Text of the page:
by Julia Rosen Tuesday, June 16, 2015
Earthquakes don’t just rattle buildings and psyches — they shake up the hydrological cycle too. Scientists have long noticed spikes in streamflow following big quakes, but they have yet to pinpoint the causes of these surges. While most proposed explanations conjure different ways of uncorking groundwater reservoirs, a new study suggests that at least some of this extra water may actually get shaken out of the soil.
The biggest obstacle to studying earthquake hydrology is that researchers never know where to conduct studies or when to start paying attention; earthquakes are nothing if not hard to predict. “You can’t plan it; you are lucky or you are not lucky,” says Christian Mohr, an ecohydrologist at the University of Potsdam in Germany and lead author of the new study, published in Geology.
Mohr’s team had the good fortune of having a hydrologic network in place when the otherwise unfortunate magnitude-8.8 Maule earthquake rocked Chile from Concepción to Santiago on Feb. 27, 2010. The quake buckled buildings, triggered a tsunami and claimed more than 700 lives. But in the weeks that followed, it also afforded the scientists a valuable opportunity to investigate the hydrologic changes that the earthquake set in motion.
Using a network of streamgages positioned throughout small catchments in Chile’s coastal mountains, the researchers documented several clear responses to the temblor: an increase in overall streamflow; an amplification of the daily variation in streamflow; and, in the smallest tributaries, temporary drops in flow rates that preceded sustained surges.
In searching for the causes of these changes, the researchers first considered previously suggested mechanisms. For instance, one study suggested that shaking alters soil permeability, potentially allowing groundwater to flow more easily. But this did not fit with Mohr’s observations. He found that the catchment responded to rainfall the same way before and after the event, suggesting the permeability remained largely unchanged.
Others have suggested that earthquake water might be displaced from pores and cavities in the saturated zone (the zone below the water table) as the sediment settles into a denser configuration, like flour in a baker’s measuring cup, or that tectonic jolts rupture aquifers. But Mohr’s team found no evidence to support either of these mechanisms either.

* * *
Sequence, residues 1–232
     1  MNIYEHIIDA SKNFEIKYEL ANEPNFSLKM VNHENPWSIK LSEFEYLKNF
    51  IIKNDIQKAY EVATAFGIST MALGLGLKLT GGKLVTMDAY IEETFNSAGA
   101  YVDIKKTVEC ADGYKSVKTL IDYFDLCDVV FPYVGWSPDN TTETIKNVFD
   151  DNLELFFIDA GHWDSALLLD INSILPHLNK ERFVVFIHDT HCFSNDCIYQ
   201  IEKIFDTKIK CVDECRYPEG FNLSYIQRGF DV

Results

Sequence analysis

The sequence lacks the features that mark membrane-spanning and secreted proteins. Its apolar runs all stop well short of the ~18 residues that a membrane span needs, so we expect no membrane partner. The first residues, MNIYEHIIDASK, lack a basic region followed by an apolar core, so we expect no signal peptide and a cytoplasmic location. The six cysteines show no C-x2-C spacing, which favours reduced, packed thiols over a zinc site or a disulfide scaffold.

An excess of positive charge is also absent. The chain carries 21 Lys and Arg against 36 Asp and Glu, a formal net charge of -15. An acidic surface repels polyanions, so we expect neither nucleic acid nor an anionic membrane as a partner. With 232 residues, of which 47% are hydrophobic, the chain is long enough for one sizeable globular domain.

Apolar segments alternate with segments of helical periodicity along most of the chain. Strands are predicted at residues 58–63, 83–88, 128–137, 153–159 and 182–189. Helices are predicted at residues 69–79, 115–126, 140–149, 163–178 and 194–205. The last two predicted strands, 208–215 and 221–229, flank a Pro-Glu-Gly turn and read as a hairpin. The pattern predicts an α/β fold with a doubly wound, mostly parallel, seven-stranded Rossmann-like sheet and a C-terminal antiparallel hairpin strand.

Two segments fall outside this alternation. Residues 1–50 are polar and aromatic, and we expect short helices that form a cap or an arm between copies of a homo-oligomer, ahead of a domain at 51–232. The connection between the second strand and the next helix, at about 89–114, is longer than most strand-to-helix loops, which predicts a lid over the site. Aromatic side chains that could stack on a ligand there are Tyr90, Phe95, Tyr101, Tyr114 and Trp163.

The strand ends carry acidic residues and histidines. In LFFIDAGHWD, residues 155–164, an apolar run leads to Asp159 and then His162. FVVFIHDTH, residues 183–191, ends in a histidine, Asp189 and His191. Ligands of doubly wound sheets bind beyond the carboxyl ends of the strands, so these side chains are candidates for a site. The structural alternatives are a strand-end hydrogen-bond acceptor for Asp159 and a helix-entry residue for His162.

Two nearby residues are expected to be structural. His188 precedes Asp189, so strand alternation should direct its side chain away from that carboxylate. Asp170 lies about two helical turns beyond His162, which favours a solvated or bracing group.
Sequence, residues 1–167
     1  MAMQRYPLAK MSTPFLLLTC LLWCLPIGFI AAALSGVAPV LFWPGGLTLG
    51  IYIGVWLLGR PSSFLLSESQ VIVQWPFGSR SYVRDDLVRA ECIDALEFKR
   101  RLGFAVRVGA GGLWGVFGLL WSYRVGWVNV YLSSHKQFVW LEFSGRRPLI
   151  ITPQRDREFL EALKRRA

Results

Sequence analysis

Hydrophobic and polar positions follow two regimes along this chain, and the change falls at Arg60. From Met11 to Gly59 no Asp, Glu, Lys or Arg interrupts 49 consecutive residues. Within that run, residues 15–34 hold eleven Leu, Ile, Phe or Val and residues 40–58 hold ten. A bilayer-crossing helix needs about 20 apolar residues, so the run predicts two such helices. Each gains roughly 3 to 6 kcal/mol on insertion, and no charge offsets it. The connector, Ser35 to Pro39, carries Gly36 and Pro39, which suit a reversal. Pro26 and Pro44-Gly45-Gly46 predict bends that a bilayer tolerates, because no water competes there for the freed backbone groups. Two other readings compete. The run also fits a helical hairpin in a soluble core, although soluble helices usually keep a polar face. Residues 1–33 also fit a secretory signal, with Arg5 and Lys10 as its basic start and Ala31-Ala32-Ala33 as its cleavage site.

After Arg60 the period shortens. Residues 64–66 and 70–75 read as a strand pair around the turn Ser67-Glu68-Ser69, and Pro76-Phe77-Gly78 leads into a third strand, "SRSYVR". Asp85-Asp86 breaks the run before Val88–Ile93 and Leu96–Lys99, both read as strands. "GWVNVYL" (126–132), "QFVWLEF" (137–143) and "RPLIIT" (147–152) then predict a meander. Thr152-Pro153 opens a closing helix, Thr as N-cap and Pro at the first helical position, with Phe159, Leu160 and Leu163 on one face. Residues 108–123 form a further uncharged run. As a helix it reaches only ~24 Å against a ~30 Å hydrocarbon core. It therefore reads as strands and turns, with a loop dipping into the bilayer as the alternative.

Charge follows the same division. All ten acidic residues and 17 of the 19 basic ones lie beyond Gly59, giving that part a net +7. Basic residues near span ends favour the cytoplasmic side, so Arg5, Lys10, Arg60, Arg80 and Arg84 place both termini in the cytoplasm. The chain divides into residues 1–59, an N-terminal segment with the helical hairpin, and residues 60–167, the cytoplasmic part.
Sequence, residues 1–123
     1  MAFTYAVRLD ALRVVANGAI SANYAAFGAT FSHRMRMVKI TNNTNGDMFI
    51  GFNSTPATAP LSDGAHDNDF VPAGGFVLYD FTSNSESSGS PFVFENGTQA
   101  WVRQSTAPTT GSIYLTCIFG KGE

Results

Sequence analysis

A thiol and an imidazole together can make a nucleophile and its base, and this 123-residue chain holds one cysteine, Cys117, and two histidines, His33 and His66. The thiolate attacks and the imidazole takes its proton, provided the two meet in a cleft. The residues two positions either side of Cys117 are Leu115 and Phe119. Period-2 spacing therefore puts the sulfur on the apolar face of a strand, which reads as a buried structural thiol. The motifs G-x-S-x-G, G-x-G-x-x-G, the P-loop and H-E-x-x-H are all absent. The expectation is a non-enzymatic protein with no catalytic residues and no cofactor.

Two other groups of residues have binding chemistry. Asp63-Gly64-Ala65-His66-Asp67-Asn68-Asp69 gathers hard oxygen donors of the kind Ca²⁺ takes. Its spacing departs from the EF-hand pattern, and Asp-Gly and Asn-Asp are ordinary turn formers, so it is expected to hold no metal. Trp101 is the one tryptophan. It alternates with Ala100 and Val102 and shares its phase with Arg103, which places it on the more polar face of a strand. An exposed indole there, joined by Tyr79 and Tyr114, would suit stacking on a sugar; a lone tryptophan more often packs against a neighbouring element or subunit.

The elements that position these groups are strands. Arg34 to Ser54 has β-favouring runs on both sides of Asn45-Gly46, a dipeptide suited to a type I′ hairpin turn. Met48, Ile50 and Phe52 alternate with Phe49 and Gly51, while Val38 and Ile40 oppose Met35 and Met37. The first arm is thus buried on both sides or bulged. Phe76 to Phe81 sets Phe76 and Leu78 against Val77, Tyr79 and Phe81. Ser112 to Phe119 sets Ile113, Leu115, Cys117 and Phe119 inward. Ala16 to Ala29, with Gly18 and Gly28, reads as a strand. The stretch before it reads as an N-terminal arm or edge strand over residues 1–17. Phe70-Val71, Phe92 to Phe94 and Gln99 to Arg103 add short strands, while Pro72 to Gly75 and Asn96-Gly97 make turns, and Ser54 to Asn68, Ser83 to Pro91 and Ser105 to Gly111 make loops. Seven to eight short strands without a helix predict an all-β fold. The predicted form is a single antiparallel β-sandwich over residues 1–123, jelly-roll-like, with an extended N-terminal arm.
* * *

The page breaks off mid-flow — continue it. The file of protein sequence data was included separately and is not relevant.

So Mohr and his colleagues developed a new hypothesis. As part of their hydrologic monitoring network, the team installed sensors to measure soil moisture in the catchment. They discovered that the unsaturated layers of sediment (the zone above the water table) actually held a significant volume of water before the earthquake. Mohr figured that if you shook the soil hard enough to overcome the forces that bound water molecules to particles of dirt, the unsaturated zone might unleash a small flood.
To test the idea, the researchers used a numerical model to estimate what would have happened as a result of the 2010 earthquake. They found that water shaken loose from the soil could have raised the height of the water table across the catchment by as much as 20 millimeters. As it turned out, this closely matched the amount of excess water Mohr saw coursing through the streamgages following the quake, after he adjusted for the effects of plant evapotranspiration.
“It’s a hypothesis,” Mohr says, “but the most compelling suggestion that this might be a correct way to explain earthquake hydrology is that it quantitatively fits very well with the observations.”
Emily Brodsky, a seismologist at the University of California at Santa Cruz, agrees that Mohr’s data implicates the unsaturated zone, at least in this situation. The next step, she says, is to gather “a suite of streamflow measurements in a suite of environments” with varying soil moisture capacities and sediment types, and which are influenced differently by the underlying bedrock. After all, she says, “one stream does not a generalization make.”
Regardless of where the water came from, Mohr’s team suggests that while earthquakes are clearly hard on people, they may sometimes nurture plants. The researchers interpreted the strong daily variations in streamflow after the event as a sign that plants were consuming more water during the day. The quake struck during Chile’s dry season, and the vegetation in the catchment quickly capitalized on the windfall.
Mohr’s team is now investigating whether this boost in water uptake translated into healthier plants and increased landscape stability. “Tree growth is always related to root growth,” Mohr says, “and there could be positive effects.